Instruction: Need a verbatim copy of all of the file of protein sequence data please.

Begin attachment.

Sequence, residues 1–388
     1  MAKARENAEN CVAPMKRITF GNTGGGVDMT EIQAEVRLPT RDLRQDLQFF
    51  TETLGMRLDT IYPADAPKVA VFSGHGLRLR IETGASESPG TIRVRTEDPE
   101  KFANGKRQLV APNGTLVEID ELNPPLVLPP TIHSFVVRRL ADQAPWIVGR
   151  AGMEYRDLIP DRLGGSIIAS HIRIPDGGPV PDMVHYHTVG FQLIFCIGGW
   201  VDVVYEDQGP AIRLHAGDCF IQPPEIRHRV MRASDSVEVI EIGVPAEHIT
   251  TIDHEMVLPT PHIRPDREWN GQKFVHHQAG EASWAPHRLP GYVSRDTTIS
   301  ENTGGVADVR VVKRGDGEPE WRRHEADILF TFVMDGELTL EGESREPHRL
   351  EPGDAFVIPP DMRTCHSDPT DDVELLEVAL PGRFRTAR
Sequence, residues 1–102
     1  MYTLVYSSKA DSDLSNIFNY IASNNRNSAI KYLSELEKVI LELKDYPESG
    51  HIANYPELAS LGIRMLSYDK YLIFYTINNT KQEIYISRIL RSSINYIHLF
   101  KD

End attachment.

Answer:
Sequence, residues 1–388
     1  MAKARENAEN CVAPMKRITF GNTGGGVDMT EIQAEVRLPT RDLRQDLQFF
    51  TETLGMRLDT IYPADAPKVA VFSGHGLRLR IETGASESPG TIRVRTEDPE
   101  KFANGKRQLV APNGTLVEID ELNPPLVLPP TIHSFVVRRL ADQAPWIVGR
   151  AGMEYRDLIP DRLGGSIIAS HIRIPDGGPV PDMVHYHTVG FQLIFCIGGW
   201  VDVVYEDQGP AIRLHAGDCF IQPPEIRHRV MRASDSVEVI EIGVPAEHIT
   251  TIDHEMVLPT PHIRPDREWN GQKFVHHQAG EASWAPHRLP GYVSRDTTIS
   301  ENTGGVADVR VVKRGDGEPE WRRHEADILF TFVMDGELTL EGESREPHRL
   351  EPGDAFVIPP DMRTCHSDPT DDVELLEVAL PGRFRTAR
Sequence, residues 1–102
     1  MYTLVYSSKA DSDLSNIFNY IASNNRNSAI KYLSELEKVI LELKDYPESG
    51  HIANYPELAS LGIRMLSYDK YLIFYTINNT KQEIYISRIL RSSINYIHLF
   101  KD